Stunning in its natural beauty, Wadi Rum epitomizes the romance of the desert. With its…
King’s Way: The King’s Way has always been a trade route and pelgrim’s way. It run from Heliopolis, Egypt, eastwards to the Sinai desert to Eilat and Aqaba. Nothwards through the Araba, Petra, Ma’an to Udruh, Sela and Shawbak. Passing through Kerak, the land of Moab to Madaba, Amman, Jerash, Bosra in Syria to Damascus and to the upper Euphrates. The Nabataeans used this road as a trade route for luxury goods such as frankincense and spices from southern Arabia.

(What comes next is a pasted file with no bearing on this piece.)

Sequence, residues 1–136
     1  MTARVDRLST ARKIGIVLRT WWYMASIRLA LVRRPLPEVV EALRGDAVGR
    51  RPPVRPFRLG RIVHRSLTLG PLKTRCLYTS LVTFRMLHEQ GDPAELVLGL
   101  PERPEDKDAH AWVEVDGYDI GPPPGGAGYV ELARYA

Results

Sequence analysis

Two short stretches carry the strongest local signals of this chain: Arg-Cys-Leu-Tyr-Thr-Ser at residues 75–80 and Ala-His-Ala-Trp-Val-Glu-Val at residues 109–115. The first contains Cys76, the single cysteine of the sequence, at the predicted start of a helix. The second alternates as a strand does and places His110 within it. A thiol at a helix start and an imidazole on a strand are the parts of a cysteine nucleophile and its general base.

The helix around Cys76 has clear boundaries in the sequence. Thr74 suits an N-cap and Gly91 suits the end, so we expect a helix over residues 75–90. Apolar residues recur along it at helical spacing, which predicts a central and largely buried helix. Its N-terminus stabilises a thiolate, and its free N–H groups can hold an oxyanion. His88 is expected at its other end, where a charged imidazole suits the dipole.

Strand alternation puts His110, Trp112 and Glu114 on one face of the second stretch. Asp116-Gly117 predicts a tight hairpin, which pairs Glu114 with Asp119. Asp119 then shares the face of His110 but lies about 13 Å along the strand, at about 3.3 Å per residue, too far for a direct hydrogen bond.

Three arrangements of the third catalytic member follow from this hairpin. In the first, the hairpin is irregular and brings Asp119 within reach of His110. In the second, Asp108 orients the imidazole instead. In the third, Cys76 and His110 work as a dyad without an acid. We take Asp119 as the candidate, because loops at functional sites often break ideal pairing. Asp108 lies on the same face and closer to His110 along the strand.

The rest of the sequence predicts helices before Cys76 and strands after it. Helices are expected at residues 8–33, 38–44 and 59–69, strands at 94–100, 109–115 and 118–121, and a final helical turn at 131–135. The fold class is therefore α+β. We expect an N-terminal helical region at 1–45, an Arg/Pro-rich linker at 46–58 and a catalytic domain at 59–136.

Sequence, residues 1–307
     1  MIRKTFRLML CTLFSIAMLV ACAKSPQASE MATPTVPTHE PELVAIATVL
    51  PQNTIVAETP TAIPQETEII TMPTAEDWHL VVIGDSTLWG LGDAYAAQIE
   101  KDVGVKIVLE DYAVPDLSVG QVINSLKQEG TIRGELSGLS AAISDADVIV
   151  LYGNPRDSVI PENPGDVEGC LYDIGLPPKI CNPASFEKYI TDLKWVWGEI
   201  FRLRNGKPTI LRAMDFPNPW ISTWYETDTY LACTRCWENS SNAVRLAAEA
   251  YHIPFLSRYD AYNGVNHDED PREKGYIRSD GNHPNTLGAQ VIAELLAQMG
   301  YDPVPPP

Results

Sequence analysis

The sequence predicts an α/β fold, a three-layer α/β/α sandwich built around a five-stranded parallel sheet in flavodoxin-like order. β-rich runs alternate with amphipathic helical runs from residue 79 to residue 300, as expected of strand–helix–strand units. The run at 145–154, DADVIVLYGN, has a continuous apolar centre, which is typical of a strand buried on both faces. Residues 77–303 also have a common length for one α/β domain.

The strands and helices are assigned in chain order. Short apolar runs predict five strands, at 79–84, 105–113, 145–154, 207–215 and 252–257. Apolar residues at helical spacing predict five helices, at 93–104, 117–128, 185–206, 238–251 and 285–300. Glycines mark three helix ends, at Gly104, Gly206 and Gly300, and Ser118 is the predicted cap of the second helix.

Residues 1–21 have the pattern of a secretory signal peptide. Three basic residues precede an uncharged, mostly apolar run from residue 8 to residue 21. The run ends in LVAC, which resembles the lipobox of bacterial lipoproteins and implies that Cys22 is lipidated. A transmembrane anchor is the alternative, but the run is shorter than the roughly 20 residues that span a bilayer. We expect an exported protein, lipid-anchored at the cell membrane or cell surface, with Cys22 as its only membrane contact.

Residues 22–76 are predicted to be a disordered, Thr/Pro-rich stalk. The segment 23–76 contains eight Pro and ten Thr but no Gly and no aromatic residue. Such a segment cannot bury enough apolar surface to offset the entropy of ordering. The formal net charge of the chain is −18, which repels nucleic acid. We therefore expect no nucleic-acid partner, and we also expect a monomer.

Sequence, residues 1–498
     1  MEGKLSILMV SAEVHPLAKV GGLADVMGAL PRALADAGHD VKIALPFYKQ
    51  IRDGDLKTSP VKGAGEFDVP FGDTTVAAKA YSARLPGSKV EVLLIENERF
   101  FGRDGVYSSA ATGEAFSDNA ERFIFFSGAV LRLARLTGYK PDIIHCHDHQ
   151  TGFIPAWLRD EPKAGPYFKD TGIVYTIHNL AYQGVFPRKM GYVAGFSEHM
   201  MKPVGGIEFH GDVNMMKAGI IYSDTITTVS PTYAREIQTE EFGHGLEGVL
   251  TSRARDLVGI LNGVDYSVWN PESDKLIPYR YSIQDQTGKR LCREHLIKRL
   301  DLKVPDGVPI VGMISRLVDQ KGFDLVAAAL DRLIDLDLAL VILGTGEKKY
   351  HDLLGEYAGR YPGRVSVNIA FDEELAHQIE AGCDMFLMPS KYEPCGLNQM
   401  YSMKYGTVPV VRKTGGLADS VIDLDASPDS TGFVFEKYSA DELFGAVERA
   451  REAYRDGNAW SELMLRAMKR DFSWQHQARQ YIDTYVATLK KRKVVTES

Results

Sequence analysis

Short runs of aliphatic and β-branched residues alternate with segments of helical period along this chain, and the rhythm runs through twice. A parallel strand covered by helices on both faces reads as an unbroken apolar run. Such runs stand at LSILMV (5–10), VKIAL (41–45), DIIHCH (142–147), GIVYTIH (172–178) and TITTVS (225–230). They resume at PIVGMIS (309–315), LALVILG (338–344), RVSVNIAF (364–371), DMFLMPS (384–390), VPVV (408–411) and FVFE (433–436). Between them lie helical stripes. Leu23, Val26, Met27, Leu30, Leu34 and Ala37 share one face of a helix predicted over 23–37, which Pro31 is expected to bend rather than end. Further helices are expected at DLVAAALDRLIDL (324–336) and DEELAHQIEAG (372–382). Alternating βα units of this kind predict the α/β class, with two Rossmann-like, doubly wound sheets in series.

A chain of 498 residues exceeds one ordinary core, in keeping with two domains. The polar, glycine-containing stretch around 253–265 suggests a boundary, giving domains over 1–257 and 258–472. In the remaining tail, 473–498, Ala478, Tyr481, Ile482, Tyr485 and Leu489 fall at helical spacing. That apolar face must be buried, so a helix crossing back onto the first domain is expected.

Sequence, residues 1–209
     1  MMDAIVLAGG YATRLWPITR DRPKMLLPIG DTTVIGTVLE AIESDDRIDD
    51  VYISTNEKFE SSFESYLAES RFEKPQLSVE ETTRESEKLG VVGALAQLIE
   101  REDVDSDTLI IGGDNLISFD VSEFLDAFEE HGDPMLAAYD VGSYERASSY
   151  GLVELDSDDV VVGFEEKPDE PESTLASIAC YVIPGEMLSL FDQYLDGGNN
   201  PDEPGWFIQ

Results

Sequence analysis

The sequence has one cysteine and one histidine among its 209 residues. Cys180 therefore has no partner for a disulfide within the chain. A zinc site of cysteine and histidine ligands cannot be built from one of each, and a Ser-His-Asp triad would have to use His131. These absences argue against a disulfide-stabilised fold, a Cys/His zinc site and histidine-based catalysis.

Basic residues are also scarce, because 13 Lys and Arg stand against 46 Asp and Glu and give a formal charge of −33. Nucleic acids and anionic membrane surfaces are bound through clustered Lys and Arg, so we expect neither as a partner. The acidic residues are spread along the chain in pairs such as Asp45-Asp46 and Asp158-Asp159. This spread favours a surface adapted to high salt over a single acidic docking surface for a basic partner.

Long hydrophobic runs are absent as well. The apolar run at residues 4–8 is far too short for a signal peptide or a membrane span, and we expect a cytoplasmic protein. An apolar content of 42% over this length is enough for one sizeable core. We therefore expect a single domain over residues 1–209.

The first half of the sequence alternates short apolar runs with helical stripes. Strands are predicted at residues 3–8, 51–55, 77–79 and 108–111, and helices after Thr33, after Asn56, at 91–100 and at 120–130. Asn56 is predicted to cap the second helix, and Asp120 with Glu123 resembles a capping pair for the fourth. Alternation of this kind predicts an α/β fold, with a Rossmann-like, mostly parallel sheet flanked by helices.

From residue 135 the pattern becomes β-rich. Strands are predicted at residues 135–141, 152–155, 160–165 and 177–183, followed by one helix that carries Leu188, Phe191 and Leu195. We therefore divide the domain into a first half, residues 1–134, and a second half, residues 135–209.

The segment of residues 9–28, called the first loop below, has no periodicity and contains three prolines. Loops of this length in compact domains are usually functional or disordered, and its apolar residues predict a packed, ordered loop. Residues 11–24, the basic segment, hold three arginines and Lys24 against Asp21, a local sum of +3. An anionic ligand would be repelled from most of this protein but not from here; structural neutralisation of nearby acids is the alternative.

During the Roman period, the King’s Highway was rebuilt by Trajan and called it the Via Traiana Nova. The Highway has also been used as an important pilgrimage route for Christians, as it passed Mount Nebo and al-Maghtas (“the Baptism Site”) at the Jordan River, where Jesus is believed to have been baptized by John the Baptist.
Muslims used it as the main Hajj route to Mecca until the Ottoman Turks built the Tariq al-Bint (the desert highway) in the 16th century. Later, the Hijaz Railway was build by the Ottoman from Damascus to Mecca to make a save solution for the Islamic pilgrims to Mecca, as the roads were not always save by that time